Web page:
In the Mira Nair film, “The Reluctant Fundamentalist”, the idea of the two nations- The United States of America and Pakistan- are constantly conflicting with each other. On the one hand America comes across as a saviour to the people of the terror stricken country Pakistan, and on the other, it is a foreign invader that undermines the sovereignty of Pakistan by intruding in the … Continue reading The Reluctant Fundamentalist
When I sat to watch ‘A Train to Pakistan’, I was reminded of a similar movie I had seen a year back. The movie was a Bengali film titled ‘Raj Kahini’. It was set in the time of the India-Bangladesh partition. The story is of a brothel in the India-Bangladesh border and how the inhabitants of the brothel refused to recognize the new world order … Continue reading A Train to Pakistan
Geographically, India, Pakistan, Nepal, china, Myanmar, Bangladesh, Sri Lanka, and Japan belong together. They, excluding Japan and parts of China, belonged to the same mass of land called Gondwana that drifted from the south and joined the landmass now known as Asia. So, if one looks at these countries from a geographical perspective, the idea of south Asia as a region is inevitable. Tracing history, … Continue reading “South Asia as an idea, identity and a region is inevitable”
Was Jane Austen a feminist writer, or did she too, like the rest of her contemporaries bow down to the norms and ways of the patriarchy? This is the question I will try to answer in the following research paper. I hope to borrow from her five novels: Pride and Prejudice, Sense and Sensibility, Northanger Abbey, Mansfield Park and Persuasion. In addition, I believe that … Continue reading Jane Austen- a feminist?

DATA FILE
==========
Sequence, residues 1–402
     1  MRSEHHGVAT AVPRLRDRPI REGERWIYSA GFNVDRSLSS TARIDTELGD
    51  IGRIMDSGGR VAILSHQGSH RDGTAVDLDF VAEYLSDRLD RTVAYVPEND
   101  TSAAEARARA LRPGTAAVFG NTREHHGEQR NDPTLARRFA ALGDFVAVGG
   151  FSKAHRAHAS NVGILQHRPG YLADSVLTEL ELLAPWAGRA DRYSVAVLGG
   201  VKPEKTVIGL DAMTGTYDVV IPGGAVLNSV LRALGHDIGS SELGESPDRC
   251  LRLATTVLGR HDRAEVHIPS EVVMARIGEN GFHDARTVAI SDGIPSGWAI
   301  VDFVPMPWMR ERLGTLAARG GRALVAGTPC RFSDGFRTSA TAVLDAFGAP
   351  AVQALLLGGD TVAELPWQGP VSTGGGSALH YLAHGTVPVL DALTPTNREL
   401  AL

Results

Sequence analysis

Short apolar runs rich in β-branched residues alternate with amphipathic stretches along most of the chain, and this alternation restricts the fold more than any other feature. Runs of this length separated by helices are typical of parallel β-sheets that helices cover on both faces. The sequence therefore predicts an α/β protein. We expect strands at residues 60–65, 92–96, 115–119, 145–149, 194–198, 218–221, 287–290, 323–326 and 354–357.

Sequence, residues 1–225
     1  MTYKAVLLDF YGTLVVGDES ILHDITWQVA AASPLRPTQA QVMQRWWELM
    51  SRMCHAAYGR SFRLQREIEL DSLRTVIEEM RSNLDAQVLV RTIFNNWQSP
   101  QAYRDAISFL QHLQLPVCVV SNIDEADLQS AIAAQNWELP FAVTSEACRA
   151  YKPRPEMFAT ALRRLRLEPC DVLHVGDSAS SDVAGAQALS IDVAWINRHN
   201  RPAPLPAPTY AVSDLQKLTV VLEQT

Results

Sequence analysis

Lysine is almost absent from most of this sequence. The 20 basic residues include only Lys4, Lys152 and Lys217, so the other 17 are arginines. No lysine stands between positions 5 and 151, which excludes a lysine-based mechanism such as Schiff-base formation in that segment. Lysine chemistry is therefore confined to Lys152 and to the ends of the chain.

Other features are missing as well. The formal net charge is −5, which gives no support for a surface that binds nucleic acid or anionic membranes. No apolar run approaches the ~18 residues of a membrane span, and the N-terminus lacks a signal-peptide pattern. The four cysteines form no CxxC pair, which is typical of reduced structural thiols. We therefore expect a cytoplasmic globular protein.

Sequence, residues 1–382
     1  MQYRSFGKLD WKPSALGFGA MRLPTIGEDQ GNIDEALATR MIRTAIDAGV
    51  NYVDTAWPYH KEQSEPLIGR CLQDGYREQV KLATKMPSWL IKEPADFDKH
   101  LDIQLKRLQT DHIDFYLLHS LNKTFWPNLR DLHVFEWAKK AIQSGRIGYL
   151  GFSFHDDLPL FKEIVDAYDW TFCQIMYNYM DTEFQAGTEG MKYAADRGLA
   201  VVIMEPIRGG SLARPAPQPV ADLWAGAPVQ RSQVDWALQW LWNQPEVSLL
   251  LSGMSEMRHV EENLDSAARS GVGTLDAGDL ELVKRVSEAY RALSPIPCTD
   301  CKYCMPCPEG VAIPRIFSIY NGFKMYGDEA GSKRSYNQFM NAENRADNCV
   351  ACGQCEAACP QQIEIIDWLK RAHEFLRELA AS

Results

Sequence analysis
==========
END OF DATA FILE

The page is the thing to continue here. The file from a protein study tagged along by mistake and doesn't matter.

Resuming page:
I killed him with love. My love killed him. I don’t know which one is correct. But I killed him. Believe me, I didn’t mean to. Continue reading Killing with love
Once upon a time in a not so faraway land, lived a mute cleaner-lady named Elisa Esposito. She dared to fall in love with a gilled-God who, much like her, couldn’t talk. The faraway land was Baltimore, USA and the time period was the Cold War. Guillermo de Toro’s The Shape of Water is part Grimm’s fairy tale and part political commentary. Our mute … Continue reading The Shape of Water- review
It was my first trip to the United Kingdom after a month of personal turmoil. There had been a death in the family the previous month and we figured that the break would do us all some good. We landed in Heathrow on June 2nd, a Friday at 2 pm. It was an easy ride to Tooting Bec station. All we had to do was … Continue reading When all hell broke loose